A Beginner Bookstagrammer’s Guide + Tips & Tricks

Choosing a Name

I feel like this is one of the most important steps to having a successful Bookstagram. Basically, people will know you by this name and it needs to be something they remember. Here are some ways to come up with your name:

  1. Think about what type of reader you are (ex: slow, fast, have a ton of books, love to fangirl/boy). Combine an adjective describing your reading with something like “reader” “reads” “books” “pages” “literature” or “fiction”
    1. slothreading, hoardedfiction, speedyliterature, cheetahreads
  2. Take your name or a characteristic of you and combine it with a book-related word.
    1. Jessicaspages, maryfiction, emilybooks
  3. Use your fandom
    1. crookshankslibrary, celaenareading, lunarliterature

Just be creative! If you loved any of these names, I chose ones that are not taken at the moment. My own username is another example: infinite and TBR combined.

Choosing a Theme

Themes attract followers, mostly because they are the surface of your account.

  1. White themes are the main theme chosen. They are crisp and bright, and easily accomplished with a white table, blanket, sheets, or poster board.
  2. Wooden themes have a classy and vintage feel, giving your account a nice vibe. You can use your flooring, a table, or a piece of plywood.
  3. Nature themes include flowers, pine straw, water, or anything of the like. This is a good theme for people who enjoy the outdoors and a pretty, free look.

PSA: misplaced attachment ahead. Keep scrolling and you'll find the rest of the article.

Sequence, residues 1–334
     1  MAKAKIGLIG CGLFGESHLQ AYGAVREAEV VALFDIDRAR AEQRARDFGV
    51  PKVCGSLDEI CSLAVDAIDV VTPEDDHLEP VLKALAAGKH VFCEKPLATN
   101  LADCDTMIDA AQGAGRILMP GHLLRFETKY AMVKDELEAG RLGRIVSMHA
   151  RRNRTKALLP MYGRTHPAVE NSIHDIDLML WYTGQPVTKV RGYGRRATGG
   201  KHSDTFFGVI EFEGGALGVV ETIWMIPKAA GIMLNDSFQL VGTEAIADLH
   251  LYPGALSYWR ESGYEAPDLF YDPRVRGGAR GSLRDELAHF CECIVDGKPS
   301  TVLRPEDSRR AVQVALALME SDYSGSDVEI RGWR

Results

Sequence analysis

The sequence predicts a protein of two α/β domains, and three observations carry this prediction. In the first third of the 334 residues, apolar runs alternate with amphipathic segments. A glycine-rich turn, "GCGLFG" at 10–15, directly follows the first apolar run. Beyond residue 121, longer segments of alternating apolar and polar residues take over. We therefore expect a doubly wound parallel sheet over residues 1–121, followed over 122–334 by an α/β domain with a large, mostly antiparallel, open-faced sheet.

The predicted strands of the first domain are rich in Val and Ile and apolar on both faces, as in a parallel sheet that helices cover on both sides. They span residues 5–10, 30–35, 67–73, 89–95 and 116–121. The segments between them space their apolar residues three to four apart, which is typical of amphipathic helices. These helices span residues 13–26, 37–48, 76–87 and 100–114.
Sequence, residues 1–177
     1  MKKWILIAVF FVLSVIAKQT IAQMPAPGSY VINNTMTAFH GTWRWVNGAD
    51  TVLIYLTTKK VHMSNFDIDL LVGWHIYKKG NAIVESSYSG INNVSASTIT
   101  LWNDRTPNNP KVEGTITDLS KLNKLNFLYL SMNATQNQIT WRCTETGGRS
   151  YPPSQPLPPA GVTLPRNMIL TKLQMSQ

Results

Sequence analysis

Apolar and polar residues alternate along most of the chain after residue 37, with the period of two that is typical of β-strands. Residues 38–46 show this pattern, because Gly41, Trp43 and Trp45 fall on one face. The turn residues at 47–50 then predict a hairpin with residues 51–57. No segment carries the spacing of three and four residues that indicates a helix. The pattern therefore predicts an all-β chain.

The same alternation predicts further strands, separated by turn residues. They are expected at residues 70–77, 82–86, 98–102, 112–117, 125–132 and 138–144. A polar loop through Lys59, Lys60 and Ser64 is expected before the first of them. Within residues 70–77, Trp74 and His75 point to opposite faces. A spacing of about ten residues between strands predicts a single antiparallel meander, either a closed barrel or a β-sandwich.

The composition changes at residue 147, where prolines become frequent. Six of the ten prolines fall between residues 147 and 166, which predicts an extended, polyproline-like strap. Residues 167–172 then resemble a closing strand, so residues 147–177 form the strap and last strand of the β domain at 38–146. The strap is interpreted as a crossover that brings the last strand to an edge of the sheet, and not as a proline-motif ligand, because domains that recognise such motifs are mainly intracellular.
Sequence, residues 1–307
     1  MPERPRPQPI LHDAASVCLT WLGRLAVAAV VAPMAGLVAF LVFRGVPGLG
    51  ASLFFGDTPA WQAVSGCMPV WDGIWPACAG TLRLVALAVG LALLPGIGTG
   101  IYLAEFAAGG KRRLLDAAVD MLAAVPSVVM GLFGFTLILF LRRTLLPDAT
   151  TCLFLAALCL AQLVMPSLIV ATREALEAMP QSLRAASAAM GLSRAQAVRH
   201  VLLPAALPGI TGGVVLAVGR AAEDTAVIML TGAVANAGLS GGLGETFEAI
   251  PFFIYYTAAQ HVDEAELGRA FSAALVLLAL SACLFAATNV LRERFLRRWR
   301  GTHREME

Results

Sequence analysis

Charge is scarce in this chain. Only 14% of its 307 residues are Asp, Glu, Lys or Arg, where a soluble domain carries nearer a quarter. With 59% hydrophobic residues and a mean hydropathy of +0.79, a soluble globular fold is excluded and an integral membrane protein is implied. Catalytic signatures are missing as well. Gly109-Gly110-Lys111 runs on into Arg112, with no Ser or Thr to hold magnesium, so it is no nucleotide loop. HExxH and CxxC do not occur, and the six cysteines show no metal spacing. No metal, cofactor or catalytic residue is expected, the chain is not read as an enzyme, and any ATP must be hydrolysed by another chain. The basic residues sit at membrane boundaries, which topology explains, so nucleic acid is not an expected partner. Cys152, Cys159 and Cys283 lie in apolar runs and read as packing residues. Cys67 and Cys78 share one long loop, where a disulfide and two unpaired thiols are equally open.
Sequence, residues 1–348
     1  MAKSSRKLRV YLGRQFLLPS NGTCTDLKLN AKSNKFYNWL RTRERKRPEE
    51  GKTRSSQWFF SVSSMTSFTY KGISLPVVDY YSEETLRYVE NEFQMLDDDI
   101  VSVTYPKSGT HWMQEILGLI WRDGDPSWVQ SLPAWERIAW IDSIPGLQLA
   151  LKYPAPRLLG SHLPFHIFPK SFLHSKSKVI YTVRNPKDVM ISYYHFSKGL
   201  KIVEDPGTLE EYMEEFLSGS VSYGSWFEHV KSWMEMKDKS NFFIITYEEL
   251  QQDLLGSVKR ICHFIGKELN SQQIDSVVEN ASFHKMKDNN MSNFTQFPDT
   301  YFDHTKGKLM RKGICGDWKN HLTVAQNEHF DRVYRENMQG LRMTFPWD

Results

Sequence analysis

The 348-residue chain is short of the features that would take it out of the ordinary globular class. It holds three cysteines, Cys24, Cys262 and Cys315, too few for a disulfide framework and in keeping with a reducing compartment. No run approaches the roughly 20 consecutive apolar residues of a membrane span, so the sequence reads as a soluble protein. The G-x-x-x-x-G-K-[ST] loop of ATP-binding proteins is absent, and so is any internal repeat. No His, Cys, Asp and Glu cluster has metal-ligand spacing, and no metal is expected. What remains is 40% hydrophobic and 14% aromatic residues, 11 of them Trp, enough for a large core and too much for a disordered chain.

4. Bookshelf themes are perfect for a homey feel and for people without many backgrounds to choose from. It shows off your shelf and can be very versatile if you change around the order of your books (such as rainbow bookshelves)
  5. Filters can make a feed look beautiful even without using the same background every time. I recommend going onto Pinterest and searching “instagram feed” for amazing filter instructions.

Taking Pictures

The key to pretty, appealing pictures is your camera, lighting, and the apps you use. If you have a phone, you have a camera. But sometimes the camera on your phone can make pictures fuzzy, so make sure to take pictures in a room where there is plenty of light to minimize the fuzziness. I use a D60 camera and it has never failed me! For the lighting part of your pictures, I recommend shooting in front of a window or use the flash on your camera (but beware the ugly glare that can appear on shiny books).

Posting

There is nothing worse than posting a picture of quali-tay and receiving very few likes! It may not be you or your picture’s fault. There are actually specific times that are the worst and best to post.